Saturday, November 17, 2012

Closet Muzzle

Not done talking about coming out.
BYU. October 2008. Walking past “Yes on 8” booths in the Wilk every day, wrapped up in layers and layers of clothing because my hatred of cold is a well-documented and immutable fact. There was no snow on the ground, but the trees were bare and the sky was gray and mostly I kept my head down and shrunk in on myself as I walked past the booths.
One day I came up from the basement where the counseling center is and the first thing I saw was “Yes on 8.” I walked up to the blonde who was handing out fliers and I said “I know you have your reasons for what you’re doing, but I want you to know it hurts me and people like me a lot.” I don’t remember how she answered. I don’t know if she ever thought about what I’d said after I walked away. To be honest, I don’t care.
My counselor and I had been talking about feeling muzzled in the church and at the university, like it wasn’t acceptable for me to say what I thought, and the important thing that happened that day happened inside my head. Something shifted there. The muzzle snapped and my quiet, calm, hurt little nineteen-year-old voice popped out and it was the most beautiful thing I’ve ever heard. It was my whole most important thing and—again!—it didn’t matter whether hearing it changed anything for the listener. Once I’d said it, I could say it again, and I could say other true things, and the hurt shifted.
When you’re in the closet, see, the first pain come from being alone and unheard and unable to speak. Everything else, every discrimination and insult, is secondary to that fact, that first limit inside your skull, and as long as the closet muzzle is there, there’s only little little little you can do about the rest.
I shed that back in 2008. I spoke and spoke and spoke and in fact probably spoke more than I should have, but sometimes we go a little crazy with freedom.
 When I first got to Japan, I didn’t feel muzzled. I just didn’t speak. The problem is that over time the muscles atrophied, or the muzzle grew back, or . . . something. When that kid said what he said, I wanted to say something but didn’t-couldn't, and that scared me. Now I feel like it’s a choice again.
I do wonder if it’s just laziness. I do wonder if I’d feel stronger if I chose differently.


About a committed relationship. I was thinking about this because the friend who was visiting last week is a bit more than just a friend. At one time, years ago, there was an alternate future in my head that involved us getting married and starting a family.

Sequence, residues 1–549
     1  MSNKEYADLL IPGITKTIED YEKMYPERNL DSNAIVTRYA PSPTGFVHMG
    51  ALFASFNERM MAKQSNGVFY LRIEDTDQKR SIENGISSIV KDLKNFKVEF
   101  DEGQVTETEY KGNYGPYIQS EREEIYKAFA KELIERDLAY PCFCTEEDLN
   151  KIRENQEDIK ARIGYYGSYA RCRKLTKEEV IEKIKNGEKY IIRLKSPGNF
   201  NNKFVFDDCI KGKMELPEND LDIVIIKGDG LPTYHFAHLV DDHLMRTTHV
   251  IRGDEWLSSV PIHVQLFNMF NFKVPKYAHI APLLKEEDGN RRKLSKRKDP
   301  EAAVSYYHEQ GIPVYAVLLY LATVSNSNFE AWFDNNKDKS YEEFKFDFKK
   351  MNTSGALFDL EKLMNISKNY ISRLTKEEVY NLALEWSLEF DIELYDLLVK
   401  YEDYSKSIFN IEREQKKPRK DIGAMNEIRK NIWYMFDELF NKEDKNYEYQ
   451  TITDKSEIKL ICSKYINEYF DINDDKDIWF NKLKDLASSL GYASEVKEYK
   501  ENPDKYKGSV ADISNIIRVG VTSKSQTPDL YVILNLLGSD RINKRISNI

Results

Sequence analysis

The thing is, being here with him was wonderful, but that I-want-to-be-with-you-always feeling isn’t there anymore. We’re different people than we were, and I think we both like our current selves better than the people we were. I at least am acres of rolling green hills happier with now me than I was with then-me. If we’d gotten together in college, I think being in a relationship would have stifled a lot of these good changes. You can't just move to Seattle / New York / Japan when you're in a relationship. Cross-country road trips are harder to coordinate. Poverty's harder to ignore.
We'd've grown in other ways, I'm sure, but I wonder if I'd like that me better.  If you’re having similar thoughts about making decisions and giving up lives that could be, you might enjoy this exquisite essay.


This week, I’m going to take the officer aptitude test for the Navy. I'll probably want to say something about the military next Saturday.

1 comment:

  1. That's so true about the first pain. I think, though, that that pain helped me in a lot of ways. Or, maybe it helped my friends. Because I had a lot of close friends when I was in that first pain of being closeted. They could see it. And I think in some way it prepared them for when I came out--when I became free. And it also showed them that there was a huge difference between the pained-me and the free-me. They could see how much better, how happier I was being myself and speaking openly about my true thoughts and opinions. Isn't it a little odd how the pain and the darkness we go through seems so unbearable and never-ending when we're in it, but when we look back we can see just how it pushed us to embrace our wonderful selves and how it allowed others to gain a better understanding of our lives and our processes?? :)

    I really like this post. And I realized that we are the same age...even though I probably should have known that already. But, I was also 19 and at BYU in 2008 and though I was still not quite sure of that part of myself, it did hurt to see so many of my friends supporting prop 8.